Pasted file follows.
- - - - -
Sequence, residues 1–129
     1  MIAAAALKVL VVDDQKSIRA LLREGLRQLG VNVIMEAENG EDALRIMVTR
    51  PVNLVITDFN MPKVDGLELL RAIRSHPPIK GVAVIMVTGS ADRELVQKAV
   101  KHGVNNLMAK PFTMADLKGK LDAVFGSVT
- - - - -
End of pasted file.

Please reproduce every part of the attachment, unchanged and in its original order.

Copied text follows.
Sequence, residues 1–129
     1  MIAAAALKVL VVDDQKSIRA LLREGLRQLG VNVIMEAENG EDALRIMVTR
    51  PVNLVITDFN MPKVDGLELL RAIRSHPPIK GVAVIMVTGS ADRELVQKAV
   101  KHGVNNLMAK PFTMADLKGK LDAVFGSVT